IUBMB Lecture

Thursday 4 September

11:45-12:30, Grand Auditorium


Institute for Aging Studies, Albert Einstein College of Medicine, New York, US

Selective autophagy in the cellular response to stress

Autophagy is an essential cellular process that contributes to protein quality control along with chaperones and other proteolytic pathways and it also assures recycling of cellular components for energetic purposes. Of the different types of autophagy that co-exist in mammalian cells, failure of two of them, macroautophagy and chaperone-mediated autophagy, has been shown to result in major alterations of proteostasis and often cellular toxicity and death. Conversely, upregulation of autophagic process is emerging as an attractive intervention in the defense against proteotoxicity, lipotoxicity and genotoxicity.

In this, talk I will present work from our laboratory trying to address the physiological role of selective autophagy in the defense against different stressors and the consequences of these autophagic pathways malfunctioning in aging or in disease. We have generated novel mouse models with defective autophagy that allow us now to discriminate universal and tissue-specific effects of autophagic failure. Our current efforts are directed to 1) identify the molecular components responsible for the failure of selective autophagy with age and in disease and 2) develop interventions that can restore normal autophagic activity, to analyze the possible beneficial effect on the robustness of the cellular and organism response to different types of stress.


Dr. Ana Maria Cuervo is the Robert and Renee Belfer Chair for the Study of Neurodegenerative Diseases, Professor in the Departments of Developmental and Molecular Biology and of Medicine of the Albert Einstein College of Medicine and co-director of the Einstein Institute for Aging Studies. She obtained her M.D. degree and a Ph.D. in Biochemistry and Molecular biology from the University of Valencia (Spain) in 1990 and 1994, respectively, and received postdoctoral training at Tufts University, Boston. In 2002, she started her laboratory at the Albert Einstein College of Medicine, where she continues her studies in the role of protein-degradation in neurodegenerative diseases and aging. Her group is interested in understanding how altered proteins can be eliminated from the cells. Her group has recently linked alterations in lysosomal protein degradation with different neurodegenerative diseases including Parkinson’s, Alzheimer’s and Huntington’s disease. They have also proven that restoration of normal lysosomal function prevents accumulation of damaged proteins with age, demonstrating this way that removal of these toxic products is possible.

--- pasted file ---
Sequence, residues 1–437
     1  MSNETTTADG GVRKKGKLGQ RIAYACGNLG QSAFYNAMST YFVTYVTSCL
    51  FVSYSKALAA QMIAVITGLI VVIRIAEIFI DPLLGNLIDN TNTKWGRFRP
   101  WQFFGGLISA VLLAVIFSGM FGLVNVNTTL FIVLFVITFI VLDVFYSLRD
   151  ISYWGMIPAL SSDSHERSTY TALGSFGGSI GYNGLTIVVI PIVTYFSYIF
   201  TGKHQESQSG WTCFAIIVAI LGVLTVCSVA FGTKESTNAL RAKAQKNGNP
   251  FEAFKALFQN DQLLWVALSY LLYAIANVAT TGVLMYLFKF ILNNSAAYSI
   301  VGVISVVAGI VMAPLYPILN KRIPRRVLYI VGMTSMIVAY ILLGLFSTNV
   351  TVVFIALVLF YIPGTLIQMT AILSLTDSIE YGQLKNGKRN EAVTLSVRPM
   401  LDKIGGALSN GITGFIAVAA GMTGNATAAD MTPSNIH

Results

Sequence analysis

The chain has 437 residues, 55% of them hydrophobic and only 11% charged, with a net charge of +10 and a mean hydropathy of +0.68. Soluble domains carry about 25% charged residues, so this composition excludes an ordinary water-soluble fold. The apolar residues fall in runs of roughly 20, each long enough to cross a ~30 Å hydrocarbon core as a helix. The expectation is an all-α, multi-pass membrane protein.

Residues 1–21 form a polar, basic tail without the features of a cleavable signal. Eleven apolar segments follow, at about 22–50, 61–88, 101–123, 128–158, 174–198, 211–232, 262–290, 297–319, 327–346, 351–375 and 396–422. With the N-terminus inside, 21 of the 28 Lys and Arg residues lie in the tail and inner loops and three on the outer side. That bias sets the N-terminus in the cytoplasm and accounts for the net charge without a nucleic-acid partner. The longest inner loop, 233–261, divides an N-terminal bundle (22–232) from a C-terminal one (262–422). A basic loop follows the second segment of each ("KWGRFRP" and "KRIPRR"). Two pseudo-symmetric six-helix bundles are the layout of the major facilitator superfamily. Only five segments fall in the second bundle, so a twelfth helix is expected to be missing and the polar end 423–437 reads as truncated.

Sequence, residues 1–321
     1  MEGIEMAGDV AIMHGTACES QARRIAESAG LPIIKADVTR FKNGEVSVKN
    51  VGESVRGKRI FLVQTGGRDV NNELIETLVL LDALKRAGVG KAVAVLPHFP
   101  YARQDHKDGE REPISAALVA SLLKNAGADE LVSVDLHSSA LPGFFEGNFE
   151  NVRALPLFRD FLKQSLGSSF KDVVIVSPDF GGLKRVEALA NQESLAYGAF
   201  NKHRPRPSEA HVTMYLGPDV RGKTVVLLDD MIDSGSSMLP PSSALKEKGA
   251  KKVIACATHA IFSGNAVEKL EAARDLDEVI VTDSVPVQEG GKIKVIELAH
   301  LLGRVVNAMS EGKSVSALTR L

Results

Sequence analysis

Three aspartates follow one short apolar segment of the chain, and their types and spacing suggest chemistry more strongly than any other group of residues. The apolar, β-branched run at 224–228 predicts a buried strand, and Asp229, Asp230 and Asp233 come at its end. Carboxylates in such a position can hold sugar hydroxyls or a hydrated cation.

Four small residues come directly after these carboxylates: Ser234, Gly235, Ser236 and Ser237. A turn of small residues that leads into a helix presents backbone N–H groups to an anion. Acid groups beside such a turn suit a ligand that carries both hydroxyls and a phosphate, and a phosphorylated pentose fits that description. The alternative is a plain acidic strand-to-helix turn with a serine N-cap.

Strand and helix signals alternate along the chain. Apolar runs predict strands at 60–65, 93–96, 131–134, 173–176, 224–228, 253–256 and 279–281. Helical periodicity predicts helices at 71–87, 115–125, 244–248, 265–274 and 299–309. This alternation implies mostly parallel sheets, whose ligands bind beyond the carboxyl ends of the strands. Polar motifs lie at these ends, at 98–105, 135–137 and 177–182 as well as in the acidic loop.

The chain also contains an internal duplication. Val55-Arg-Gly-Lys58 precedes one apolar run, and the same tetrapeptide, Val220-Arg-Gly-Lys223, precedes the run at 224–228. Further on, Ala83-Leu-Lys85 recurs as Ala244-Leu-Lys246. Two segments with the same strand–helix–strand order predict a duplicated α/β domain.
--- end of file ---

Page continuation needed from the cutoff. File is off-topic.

Dr. Cuervo is considered a leader in the field of protein degradation in relation to biology of aging and has been invited to present numerous lectures including the prestigous Robert R. Konh Memorial Lecture, the NIH Director’s Lecture, the Roy Walford Endowed Lecture, the Feodor Lynen Lecture and the Margaret Pittman Lecture. She has organized and chaired international conferences on protein degradation and on Aging, belongs to the editorial board of scientific journals in this topic and she is currently co-Editor-in-Chief of Aging Cell and associate editor of Autophagy. She has been the recipient of prestigious awards such as the P. Benson Award in Cell Biology, the Keith Porter Fellow in Cell Biology, the Nathan Shock Memorial Lecture Award, the Vincent Cristofalo Rising Start in Aging Award, the Bennett J. Cohen award in basic aging biology and the Marshall Horwitz Prize for excellence in research. She has also received twice the LaDonne Schulman Teaching Award. Dr. Cuervo is currently member of the NIA Scientific Council and of the NIH Council on Councils.